French Onion Soup and I go way back. Ok, not actually that far back but it is one of my favorites. The transformation the onions go through from being the strong, harsh, onion flavor to going to a soup that sole ingredient is onion but not tasting anything like onion but a sweet, savory and flavorful bowl of broth and stringy strands of burnt onions just blows my mind.
I had a craving for french onion soup months ago. Just kind of a passing thought that it would be great as the weather started dipping lower. I'd find myself thinking about it in the kitchen at work when making soup in the morning for lunch or whenever I was sauteing onions for a dish. I started thinking of ways of how I could serve it in a cafeteria out of a soup kettle on a buffet line.
I wanted some french onion soup. The last time I had made it for Abbie and I (she doesn't remember ever having it, how heartbreaking, I know!) we ended up with a lot left. I blame that on myself and only ever making it by the 5 pounds of onions per batch. Needless to say I was hesitant to make it for just the two of us. I asked my mother-in-law, Tammy if her and Steve like it. She asked when she could come over and have it. I figured I was good to go. Plans didn't work out that night, so I let the idea fall again. Three days later I'm pheasant hunting and doing what I do when I'm passing time, thinking of dinner. I was once again determined to go to the store and buy more onions to make sure I would have enough!
I get home and start in on the soup. I would give out a recipe but I don't measure anything when I make it. I know it was about 2.5# of onions, a stick of butter, salt, pepper, chicken and beef base, a bay leaf, thyme and some red wine.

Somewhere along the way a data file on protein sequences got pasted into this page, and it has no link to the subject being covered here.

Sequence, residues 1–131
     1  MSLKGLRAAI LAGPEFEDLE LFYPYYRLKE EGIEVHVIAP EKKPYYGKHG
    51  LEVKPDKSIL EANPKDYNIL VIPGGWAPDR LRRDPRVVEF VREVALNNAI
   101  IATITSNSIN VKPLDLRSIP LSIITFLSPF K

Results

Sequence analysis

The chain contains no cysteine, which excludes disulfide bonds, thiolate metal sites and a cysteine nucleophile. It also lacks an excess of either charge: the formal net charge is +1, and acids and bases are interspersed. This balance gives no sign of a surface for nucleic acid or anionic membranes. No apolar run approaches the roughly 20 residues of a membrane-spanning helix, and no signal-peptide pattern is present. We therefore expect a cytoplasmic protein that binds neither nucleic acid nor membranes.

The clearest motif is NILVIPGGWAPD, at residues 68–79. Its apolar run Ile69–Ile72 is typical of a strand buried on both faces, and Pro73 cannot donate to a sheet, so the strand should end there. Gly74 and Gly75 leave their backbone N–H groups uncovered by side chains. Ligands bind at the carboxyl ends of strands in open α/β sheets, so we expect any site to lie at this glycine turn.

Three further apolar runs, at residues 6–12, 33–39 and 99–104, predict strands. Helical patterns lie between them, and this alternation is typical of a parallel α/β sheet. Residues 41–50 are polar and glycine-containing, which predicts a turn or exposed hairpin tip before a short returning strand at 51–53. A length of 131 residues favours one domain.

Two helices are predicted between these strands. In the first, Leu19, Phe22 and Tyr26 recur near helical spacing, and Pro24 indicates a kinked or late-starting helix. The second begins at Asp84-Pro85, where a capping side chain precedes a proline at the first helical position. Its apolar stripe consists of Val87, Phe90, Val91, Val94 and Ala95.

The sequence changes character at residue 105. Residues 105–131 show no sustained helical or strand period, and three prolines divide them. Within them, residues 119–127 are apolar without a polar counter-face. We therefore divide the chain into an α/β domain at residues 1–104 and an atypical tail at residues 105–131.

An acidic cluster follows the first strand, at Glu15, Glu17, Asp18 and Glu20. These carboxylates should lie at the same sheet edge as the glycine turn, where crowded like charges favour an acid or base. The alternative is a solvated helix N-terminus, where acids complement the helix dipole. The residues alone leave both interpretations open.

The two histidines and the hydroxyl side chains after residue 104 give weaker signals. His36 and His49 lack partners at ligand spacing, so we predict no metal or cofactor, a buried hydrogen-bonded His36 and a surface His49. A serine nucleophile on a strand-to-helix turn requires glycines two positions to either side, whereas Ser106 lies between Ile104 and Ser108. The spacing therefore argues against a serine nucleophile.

I start out by slowly melting my butter in my biggest pot- better safe than sorry! I melt it slowly so I don't brown the milk fat that starts to separate as the butter clarifies. Skim the fat solids out and you're ready to start caramelizing your onions -yes caramelizing. I am lazy and slice my onions while the butter is melting but if I were a good little chef I would have them already to go before I even start melting the butter or just have a supply of clarified butter but different people prefer different ways of mise en placing. I also think dicing the onions works better than slicing the onions into thin rounds, it makes less of mess on your chin while you eat it.
One must be patient while caramelizing onions. One can get excited and not let the onions sit on the heat long enough. Sure they break down and get soft and change flavor but they don't change to the flavor we want. We want dark brown but not burnt onions. We want the sugars to be stuck to the bottom of the pan (don't use your nice non-stick pot or you just ruined it!) this is where a lot of your flavor comes from. Let the onions sit, turn them occasionally, be patient. There is no such thing as a good soup that can be done quickly, take your time and let flavors develop.
When the onions have done their best, and so have you for letting them do theirs, take the onions out of the pot and put them in a bowl. Then take some red wine and water and deglaze the bottom of the pot. I'll add my chicken and beef stock, stir the onions back in, add my spices and let it simmer. Once hot I will taste and adjust seasoning as needed. I start off weak and just add until it tastes like how I want it to taste.
To serve I put the soup in coffee mugs(I wish I had fancier stoneware or even Corningware but the coffee mugs work), topped with croutons then put some swiss cheese on top. I slide the cups under the broiler until the cheese is gooey and marvelous then enjoy!
Sorry I do not have a picture. I didn't think to write about the soup until after we had eaten it all. Thanks for sharing my passion - or is it obsession at this point?